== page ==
We're usually bad-news-first kind of bloggers, but that's not how the old spaghetti western poster reads, so you'll just have to wait. It was a bit of a mixed bag this week for the industry, with a couple of solid slugs of clinical data from Novartis (its mTOR inhibitor everolimus impressed in a Phase III study) and Alnylam (Phase II data for ALN-RSV01 were positive). AZ even got approval for Nexium in kids aged 1-11 (at $164 for 30 capsules those kids are gonna have to sell a lot of lemonade). Bad news, typically, seemed easier to come by: Lilly's long-acting Zyprexa injection was deemed not approvable, Elan and Biogen's warned docs of Tysabri liver damage potential, FDA decided to scrap its anti-infectives panel meeting to the chagrin of Basilea and Theravance, and AZ's lung cancer drug Recentin failed its pivotal study. On top of all that, a few entire classes of drugs (antidepressants, EPOs) had pesky and problematic meta-analyses to contend with. Pfizer's pitchman Dr. Jarvik row, row, rowed gently down the stream (but not before Pharmagossip unearthed this hilarious 1986 Playboy article about the artificial heart pioneer). And then there's the ugly:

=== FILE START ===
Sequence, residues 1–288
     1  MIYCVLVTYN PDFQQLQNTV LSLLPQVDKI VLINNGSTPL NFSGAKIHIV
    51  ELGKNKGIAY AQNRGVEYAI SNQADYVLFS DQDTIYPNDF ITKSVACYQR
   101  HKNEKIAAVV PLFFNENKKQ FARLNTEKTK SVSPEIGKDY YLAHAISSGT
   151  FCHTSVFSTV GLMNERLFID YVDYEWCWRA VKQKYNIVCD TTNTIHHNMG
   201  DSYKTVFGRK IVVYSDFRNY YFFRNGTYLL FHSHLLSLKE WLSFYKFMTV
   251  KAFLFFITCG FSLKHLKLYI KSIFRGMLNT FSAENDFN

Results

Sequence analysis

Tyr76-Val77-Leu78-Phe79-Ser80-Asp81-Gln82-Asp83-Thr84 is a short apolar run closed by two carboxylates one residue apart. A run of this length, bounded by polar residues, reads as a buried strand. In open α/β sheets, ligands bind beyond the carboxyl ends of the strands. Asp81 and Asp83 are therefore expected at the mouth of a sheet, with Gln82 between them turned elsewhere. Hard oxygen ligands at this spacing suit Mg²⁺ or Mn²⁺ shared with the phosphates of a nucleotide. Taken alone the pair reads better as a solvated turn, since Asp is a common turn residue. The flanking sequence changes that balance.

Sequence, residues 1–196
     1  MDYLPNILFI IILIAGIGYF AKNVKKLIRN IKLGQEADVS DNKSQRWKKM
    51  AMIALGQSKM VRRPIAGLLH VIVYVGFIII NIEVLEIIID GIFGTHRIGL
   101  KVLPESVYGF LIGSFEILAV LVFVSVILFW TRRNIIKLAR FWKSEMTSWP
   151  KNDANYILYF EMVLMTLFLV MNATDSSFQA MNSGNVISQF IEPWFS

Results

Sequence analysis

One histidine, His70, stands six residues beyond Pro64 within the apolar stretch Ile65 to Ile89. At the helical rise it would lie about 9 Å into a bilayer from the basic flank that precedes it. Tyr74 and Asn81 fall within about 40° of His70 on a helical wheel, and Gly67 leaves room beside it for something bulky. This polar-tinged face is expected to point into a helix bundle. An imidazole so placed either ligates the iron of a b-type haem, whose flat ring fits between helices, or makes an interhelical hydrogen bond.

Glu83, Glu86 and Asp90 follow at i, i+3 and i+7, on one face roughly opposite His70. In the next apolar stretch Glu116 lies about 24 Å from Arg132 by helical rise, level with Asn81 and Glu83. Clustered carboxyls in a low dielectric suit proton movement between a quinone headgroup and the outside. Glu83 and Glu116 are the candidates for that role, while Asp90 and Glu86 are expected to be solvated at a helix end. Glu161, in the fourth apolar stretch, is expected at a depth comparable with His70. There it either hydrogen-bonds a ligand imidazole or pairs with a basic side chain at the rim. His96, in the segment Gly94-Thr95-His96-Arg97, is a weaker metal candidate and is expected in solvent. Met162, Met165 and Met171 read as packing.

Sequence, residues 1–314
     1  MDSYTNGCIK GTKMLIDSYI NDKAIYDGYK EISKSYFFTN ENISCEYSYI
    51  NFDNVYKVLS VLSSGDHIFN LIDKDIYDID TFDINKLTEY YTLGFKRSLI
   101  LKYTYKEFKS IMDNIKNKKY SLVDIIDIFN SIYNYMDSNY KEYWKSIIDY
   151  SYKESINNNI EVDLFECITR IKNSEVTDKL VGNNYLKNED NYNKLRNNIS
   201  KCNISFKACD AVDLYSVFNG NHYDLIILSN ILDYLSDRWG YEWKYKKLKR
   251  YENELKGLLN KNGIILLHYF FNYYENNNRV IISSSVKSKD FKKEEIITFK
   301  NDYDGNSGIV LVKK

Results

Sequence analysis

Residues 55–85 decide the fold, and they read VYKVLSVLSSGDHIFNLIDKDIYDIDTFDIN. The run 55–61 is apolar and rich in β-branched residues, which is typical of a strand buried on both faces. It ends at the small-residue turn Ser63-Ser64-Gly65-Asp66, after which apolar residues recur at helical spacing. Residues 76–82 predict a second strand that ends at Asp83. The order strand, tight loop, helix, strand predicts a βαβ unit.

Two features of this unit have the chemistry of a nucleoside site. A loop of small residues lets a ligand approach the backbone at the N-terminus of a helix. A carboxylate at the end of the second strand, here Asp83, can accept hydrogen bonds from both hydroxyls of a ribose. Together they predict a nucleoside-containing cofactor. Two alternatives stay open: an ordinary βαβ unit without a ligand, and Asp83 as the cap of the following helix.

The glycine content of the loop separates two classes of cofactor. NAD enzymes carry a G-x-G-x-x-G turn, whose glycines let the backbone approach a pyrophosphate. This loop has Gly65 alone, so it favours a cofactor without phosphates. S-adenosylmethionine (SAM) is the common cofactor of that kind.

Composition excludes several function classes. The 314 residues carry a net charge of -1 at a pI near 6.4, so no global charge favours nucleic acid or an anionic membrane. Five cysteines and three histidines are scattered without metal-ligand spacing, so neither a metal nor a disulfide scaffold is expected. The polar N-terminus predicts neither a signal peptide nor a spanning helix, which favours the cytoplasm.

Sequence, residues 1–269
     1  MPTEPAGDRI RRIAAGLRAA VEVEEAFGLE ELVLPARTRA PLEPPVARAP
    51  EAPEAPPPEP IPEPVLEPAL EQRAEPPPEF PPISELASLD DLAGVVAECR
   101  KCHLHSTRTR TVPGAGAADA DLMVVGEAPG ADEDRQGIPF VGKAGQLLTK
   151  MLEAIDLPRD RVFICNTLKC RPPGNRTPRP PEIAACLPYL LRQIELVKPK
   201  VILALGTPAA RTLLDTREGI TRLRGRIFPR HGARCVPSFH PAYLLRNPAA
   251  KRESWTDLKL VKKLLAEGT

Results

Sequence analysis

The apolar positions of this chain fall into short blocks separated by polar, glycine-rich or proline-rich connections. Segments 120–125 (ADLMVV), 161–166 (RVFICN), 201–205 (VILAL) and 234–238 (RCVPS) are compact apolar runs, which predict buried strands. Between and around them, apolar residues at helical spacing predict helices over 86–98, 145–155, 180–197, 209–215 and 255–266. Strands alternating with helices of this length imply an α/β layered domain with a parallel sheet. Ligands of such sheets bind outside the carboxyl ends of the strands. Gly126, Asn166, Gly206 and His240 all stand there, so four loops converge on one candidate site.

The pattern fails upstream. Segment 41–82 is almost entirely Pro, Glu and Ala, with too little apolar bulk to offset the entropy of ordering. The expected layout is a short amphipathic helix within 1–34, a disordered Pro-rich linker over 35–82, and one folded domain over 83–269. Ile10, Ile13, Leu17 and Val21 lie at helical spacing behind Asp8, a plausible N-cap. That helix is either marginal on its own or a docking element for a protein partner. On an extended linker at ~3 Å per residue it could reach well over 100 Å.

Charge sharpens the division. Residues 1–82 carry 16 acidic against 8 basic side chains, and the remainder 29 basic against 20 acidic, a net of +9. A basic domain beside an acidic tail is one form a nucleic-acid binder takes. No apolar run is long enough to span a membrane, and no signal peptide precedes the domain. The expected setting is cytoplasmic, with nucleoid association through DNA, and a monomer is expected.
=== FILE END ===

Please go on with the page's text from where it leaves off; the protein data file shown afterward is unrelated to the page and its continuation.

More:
And finally a bonus no-deal of the week: Wyeth has dumped its bifeprunox partner Solvay, citing commercial considerations. In a statement the jilter noted it was terminating the deal after "assessing the opportunity for bifeprunox and determining it would not have sufficient commercial value for the two companies to share." Solvay investors sent the company's shares down more than three percent. We noted Wyeth's pipeline troubles in a post last year.